Although the summer often felt like inspiration had flown, like some inverse migration ritual, retrospect shows it in a different light. Amidst the remorseless flow of atrocities and the shock of Brexit, I managed to get a year older without shedding a tear. Amid the hills of Frome, I may even had shed a pound or two. Albeit, mostly to market stallholders
And then the same again at WOMAD, drifting happily from one musical discovery to another (while still slightly shamefully, given the comfortable whiteness of the audience – any more middle-class self-righteousness and one could have been at a Corbyn rally, dahling…)
There were one or two other pleasant surprises along the way. Although a lot of my writing explores the relationship between past and present (and individuals’ relationships with both), I haven’t often though of this as translating into the labels ‘sci fi’ or ‘speculative fiction’. A love of the works of William Gibson, however, may force me into a rethink.
A piece written as both homage to and pastiche, inspired as much as his non-fiction collection as his novels, has been selected for inclusion in the second printed Holdfast anthology. Fingers crossed that they collect another British Fantasy Society award for this, and I’m hugely flattered to be included. If you’d like to chip into their Indiegogo crowdfunding campaign, the link is here.
Another story, Epilogues, has also been longlisted for the Sunderland Short Story Award in association with Waterstones, to my delight and surprise. Inspired by listening to care home workers and to the things they usually don’t say, it’s a tribute to listening and observing as a way of guiding your own focus – and an exploration of the impact of stereotypes on men and women when it comes to emotional self-management. But enough about me…
Selected Summer Reading
If a story about two gay men in their eighties living in isolation, one of whom is declining into dementia, sounds off-putting… think twice. I won’t deny that this is a grim read in places (and one section that follows from one character’s profession as a taxidermist is particularly harrowing), but it is also a stunningly beautifully written account of how love can endure in the most remarkable circumstances. And of the price it can extract along the way: things are only truly grim if there was already an underlying care. If recent generations have ‘reclaimed queerness’, Frank and Wendell’s reaction to a late 1940s world that would reject their love is very different: they embrace the outcast isolation that the world wishes upon them, choosing it over separation and losing each other.
Ultimately, it is age that threatens to separate them, and the delineation of complex emotions and of a relationship that has endured so much is masterly. It is also surely universal writing: it is not the gay relationship that might offend here – ’till death us do part’ is a truth that hits everyone, eventually – but squeamishness about family pets. In terms of writing that addresses love and tenderness, the journey from young love to old age, and what a lifetime vow means, however, this is about as good as it gets. In witnessing an enduring relationship that would, legal scenarios aside, count as marriage to any observer, it also provides a valuable portrait to add to broader understanding of both similarity and difference: love is an impossible but irresistable hope for all of us.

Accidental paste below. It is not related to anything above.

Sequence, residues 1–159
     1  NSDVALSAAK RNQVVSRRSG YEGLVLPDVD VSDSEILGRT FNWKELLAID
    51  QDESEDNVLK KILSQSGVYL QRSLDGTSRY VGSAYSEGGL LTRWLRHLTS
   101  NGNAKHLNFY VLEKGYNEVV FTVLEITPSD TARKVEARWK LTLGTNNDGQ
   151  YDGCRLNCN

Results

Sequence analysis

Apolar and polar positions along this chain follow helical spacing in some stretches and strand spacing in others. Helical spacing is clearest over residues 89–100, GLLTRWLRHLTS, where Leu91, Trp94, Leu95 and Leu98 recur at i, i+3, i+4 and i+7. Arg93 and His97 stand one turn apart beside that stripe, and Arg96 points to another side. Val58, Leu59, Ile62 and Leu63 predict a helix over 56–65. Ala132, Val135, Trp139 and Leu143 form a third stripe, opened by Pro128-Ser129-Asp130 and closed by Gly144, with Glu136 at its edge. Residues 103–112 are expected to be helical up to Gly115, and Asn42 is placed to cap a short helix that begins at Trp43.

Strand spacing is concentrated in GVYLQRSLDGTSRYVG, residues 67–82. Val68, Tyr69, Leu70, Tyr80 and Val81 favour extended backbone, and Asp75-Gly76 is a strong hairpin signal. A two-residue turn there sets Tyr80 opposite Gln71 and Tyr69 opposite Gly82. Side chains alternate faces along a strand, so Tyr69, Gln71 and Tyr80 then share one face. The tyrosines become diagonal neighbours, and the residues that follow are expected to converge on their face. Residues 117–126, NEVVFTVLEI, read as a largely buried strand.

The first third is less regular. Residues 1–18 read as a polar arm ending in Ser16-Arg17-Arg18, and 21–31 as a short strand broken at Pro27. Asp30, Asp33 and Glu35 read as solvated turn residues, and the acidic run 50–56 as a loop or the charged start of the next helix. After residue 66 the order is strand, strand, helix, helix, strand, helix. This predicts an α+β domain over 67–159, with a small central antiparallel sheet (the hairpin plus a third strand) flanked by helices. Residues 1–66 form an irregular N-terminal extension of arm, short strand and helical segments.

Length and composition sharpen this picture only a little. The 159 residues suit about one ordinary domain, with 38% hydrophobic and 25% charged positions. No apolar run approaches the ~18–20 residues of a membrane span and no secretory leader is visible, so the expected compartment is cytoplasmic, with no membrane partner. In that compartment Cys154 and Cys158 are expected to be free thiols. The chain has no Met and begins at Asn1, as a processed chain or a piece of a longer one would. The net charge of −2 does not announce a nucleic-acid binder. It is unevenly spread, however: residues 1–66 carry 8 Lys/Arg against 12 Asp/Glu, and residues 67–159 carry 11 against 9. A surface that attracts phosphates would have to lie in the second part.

A book read in reaction to having read Fred Ulhman’s Reunion (see earlier review), set in Berlin at the turn of the Thirties. Haffner was a social worker and journalist, and this his only book, burned and banned by the Nazis a year after it appeared in 1932. If Cabaret shows us the Weimar Berlin as the relatively privileged experienced it, here we see the local underbelly and meet those whose lives depend on suckling from it. (Much as I love the works of Isherwood and Auden, this is the story of the boys they bought for beer money, and for whom that beer money was possibly most of their income.) There is a feeling of documentary here, although this remains conjecture: we know the author’s professions but not his fate – his fate after the mid-30s remain unknown. Yet this is compelling storytelling too. While we might suspect that many of the street gang members here – men just leaving boyhood, selling whatever they can steal or offer, themselves included, merely to survive the economic catastrophe that would later extract an even greater price – may have also met fates far grislier than the beatings and the social diseases that face here, this is more than just a tale on lives in the margin: it also an implicit exploration of the difference between interdependence and the rule of dog-eat-dog, but without the moral lecturing usually served as a side dish to that message.
Velosi – Nomadism: one of the personal discoveries of this year’s WOMAD festival, a Polish string quartet who combine the sophistication and technique of the classical musician with the energy of the folk performer. The videos may suggest a hint of branding – a cellist in evening dress, dripping sweat – but the music is far better than this suggests.
Kefaya – Radio International: another WOMAD discovery, and one of those bands that manage to launch from the melting pot of musics that often speak more to virtue-signalling than to innovation and to achieve escape velocity without resorting unduly to populist gestures (a pounding four-four beat, veneers of electronica or a lazy icing of the current dance music tropes). Possibly helped by the considerable displays of musicianship here, guitarist Giuliano Modarelli and keyboard player Al McSween most prominently.